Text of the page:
Aid Society, notes that every time HRS takes more than 30 days to
investigate, they are violating the law: "If HRS isn't following
the written rules, they are abusing their authority beyond reason ...
their actions are outrageous" (Pride, 1986, p.71).
Abuse by the System
Children are traumatized when they are separated from their parents
(Close, 1992; Ostalkiewicz, 1991). If abruptly removed and placed
in foster care they are likely to be terrified and may suffer severe
emotional distress and depression. Despite this, according to the
data collected for the federal government by the American Humane
Association, it appears that up to half of the children placed in foster
care were in no immediate danger of serious physical injury (Besharov,
There is little gained by removing a child from the parents unless
there are circumstances whereby the child was legitimately taken for
protection from life-threatening injuries. Judge Bresee (Close,
1992) states that it is "critical to make a quick decision (in
initial investigation and removal of a child) ... two weeks doesn't seem
like any time at all, but to a child, it's an eternity."
Foster care is supposed to be a short-term remedy designed to protect
children from harm while parents have time to respond to
treatment. Yet, the reality is far different. More than 50%
of the children in foster care are in the "temporary" status
for over 2 years; more than 30% are away from their parents for over 6
years (Besharov, 1988, p. 221s).
When the Florida government places children in foster care, HRS often
prohibits the children from having contact with their friends, church,
school, family or relatives. Further, the children lose access to
their clothes, special blankets or animals, toys, games, dating (if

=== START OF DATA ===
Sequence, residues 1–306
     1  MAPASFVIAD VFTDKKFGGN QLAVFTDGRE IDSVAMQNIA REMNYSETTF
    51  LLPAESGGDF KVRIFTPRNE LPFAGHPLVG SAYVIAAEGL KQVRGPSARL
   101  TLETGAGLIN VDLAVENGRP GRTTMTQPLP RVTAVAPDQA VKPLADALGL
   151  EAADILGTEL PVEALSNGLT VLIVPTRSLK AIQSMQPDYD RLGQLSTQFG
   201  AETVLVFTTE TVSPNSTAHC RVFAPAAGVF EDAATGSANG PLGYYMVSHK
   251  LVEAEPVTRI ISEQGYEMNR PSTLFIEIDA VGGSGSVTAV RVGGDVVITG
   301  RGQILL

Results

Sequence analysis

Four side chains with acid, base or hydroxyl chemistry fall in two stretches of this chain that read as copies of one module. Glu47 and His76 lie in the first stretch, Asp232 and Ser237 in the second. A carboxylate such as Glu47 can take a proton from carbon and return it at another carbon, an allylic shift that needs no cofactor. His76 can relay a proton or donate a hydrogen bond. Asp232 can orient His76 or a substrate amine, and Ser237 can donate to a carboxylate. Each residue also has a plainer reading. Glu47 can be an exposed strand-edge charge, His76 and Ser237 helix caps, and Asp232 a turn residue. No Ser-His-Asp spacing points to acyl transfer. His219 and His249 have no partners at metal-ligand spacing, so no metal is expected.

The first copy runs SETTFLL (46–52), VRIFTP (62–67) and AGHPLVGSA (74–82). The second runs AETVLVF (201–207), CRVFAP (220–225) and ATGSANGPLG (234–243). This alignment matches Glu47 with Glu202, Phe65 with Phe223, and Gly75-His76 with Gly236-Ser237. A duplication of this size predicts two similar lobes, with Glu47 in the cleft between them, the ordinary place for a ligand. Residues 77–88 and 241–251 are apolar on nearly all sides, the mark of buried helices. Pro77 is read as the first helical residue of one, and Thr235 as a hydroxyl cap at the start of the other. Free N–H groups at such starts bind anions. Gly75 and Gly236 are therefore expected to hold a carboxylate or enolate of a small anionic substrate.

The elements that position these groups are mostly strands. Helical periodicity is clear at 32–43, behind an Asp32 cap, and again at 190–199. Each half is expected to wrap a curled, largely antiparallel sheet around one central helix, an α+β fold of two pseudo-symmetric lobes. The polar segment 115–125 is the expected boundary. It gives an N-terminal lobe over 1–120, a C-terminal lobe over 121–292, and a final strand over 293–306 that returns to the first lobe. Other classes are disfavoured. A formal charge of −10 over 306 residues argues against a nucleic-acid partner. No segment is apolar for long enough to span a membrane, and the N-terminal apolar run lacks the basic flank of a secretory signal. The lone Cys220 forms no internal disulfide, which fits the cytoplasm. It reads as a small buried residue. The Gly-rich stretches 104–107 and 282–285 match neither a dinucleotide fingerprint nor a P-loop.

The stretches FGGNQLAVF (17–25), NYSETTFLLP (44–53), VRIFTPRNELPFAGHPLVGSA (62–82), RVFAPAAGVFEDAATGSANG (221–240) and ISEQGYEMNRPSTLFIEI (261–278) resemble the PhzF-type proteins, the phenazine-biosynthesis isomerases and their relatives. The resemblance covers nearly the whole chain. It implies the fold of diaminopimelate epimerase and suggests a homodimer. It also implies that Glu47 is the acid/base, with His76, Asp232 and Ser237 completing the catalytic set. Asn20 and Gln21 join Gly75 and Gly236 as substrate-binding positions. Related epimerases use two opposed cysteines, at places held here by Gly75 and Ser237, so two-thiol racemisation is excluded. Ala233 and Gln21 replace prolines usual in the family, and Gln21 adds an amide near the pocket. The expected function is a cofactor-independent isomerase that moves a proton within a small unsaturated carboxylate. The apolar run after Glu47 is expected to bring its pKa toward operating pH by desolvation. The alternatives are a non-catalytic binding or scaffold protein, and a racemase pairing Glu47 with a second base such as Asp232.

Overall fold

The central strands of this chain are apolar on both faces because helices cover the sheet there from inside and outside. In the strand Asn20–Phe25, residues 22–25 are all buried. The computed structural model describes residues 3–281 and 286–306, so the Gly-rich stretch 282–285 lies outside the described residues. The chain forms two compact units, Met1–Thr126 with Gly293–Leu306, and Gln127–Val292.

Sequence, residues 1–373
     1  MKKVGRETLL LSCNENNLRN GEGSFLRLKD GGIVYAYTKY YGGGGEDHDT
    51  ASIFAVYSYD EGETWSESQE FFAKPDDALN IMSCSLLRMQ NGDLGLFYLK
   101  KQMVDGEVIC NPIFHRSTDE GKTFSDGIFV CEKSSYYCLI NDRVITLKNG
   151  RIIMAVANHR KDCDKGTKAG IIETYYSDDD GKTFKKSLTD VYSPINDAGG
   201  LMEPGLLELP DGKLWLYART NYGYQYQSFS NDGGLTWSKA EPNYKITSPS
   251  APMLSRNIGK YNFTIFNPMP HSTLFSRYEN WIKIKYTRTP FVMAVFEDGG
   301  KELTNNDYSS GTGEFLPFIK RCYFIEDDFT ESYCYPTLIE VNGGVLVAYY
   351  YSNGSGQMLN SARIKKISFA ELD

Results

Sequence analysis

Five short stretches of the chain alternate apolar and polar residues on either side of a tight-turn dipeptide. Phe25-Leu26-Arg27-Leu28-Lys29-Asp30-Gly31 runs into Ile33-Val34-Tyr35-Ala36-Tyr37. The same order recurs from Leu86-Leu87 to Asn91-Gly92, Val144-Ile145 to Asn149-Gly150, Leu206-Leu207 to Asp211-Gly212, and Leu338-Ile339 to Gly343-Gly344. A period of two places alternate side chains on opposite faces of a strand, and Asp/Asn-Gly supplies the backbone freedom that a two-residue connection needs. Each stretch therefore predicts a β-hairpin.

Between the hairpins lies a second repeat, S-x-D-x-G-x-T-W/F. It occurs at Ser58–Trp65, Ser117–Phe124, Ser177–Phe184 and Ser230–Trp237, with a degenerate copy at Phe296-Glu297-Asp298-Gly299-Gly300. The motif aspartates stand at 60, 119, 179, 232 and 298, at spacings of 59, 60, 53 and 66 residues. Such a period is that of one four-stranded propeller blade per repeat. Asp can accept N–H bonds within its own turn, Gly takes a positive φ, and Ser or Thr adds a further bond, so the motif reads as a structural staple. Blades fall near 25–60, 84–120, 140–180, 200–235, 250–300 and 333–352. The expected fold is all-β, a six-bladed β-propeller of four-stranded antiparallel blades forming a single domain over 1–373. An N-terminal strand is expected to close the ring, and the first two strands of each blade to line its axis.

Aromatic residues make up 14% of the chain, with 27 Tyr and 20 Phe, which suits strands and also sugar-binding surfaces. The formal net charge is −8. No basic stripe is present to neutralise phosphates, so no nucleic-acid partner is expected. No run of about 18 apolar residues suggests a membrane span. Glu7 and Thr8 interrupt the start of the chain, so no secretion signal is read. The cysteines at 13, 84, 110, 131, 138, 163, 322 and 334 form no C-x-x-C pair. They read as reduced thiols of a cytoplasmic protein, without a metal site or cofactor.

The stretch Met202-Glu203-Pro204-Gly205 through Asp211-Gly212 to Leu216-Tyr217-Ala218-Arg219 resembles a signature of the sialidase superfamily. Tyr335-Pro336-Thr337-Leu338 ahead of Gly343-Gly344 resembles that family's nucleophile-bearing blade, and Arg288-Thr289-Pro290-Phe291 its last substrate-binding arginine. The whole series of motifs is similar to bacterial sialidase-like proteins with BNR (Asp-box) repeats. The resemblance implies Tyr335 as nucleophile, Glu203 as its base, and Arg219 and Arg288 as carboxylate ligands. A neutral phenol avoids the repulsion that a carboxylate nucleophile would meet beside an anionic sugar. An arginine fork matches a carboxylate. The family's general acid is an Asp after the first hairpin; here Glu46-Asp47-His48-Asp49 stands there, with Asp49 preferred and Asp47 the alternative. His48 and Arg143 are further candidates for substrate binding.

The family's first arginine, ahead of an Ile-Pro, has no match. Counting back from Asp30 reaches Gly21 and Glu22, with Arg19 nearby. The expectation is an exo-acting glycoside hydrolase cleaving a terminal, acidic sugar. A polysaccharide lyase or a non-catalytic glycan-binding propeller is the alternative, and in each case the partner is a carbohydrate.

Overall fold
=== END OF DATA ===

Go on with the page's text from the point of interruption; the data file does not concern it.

adolescent), use of vehicle (if of age) and even use of telephone
privileges. "This can only be construed as the imprisonment
of a child, since the child has not committed any crime and is being
held against his or her will; it is false imprisonment" (Burriss,
1991, p.5). Tong (1992) notes, "The long-term ramifications
of this (separation trauma and loss of family and possessions) on the
children has yet to be determined, but the potential consequences cannot
be considered innocuous or inconsequential" (p.120).
Child advocates believe that abuse runs in cycles. Therefore,
they maintain that when children are abused, they will later abuse their
own children. Similarly, Burriss (1991) notes Gardner's
observation that many people will grow up and enter an occupation
because of some major event in their life. For instance, a person
exposed to a catastrophic illness may become a physician. Social
workers who were abused as children may later wish to take on the cause
of child protection. Therefore, they tend to be overzealous and to
believe that every reported case of abuse or neglect must be
substantiated in order to protect the child.
But, protect them from what ... their parents? Wexler (1990)
states, "No one will value and protect another's child as they will
their own." In a Glenn Close (1992) documentary, Broken
Hearts, Broken Homes, a social worker, Laurette Moatt, hesitates to
return a child to the parents because: "It's hard to return a child
home because of the developmental stage she's in. It's not easy to
switch primary caretakers. That's not something kids do just like
that." Yet, this same social worker did not hesitate to
"switch primary caretakers" on an unsubstantiated allegation
of abuse. In addition, children are at higher risk of receiving
physical, sexual and emotional abuse in foster care which may be worse
than the alleged abuse by the parents (Jones, 1991).
HRS workers have great power to intervene and separate the child from
the parents. However, they are not accountable. The conduct
of HRS workers and other child advocates, such as the guardians ad
litem, is protected with legal immunity. Florida statutes
415.508 and 39.455 state: "The inability or failure of the social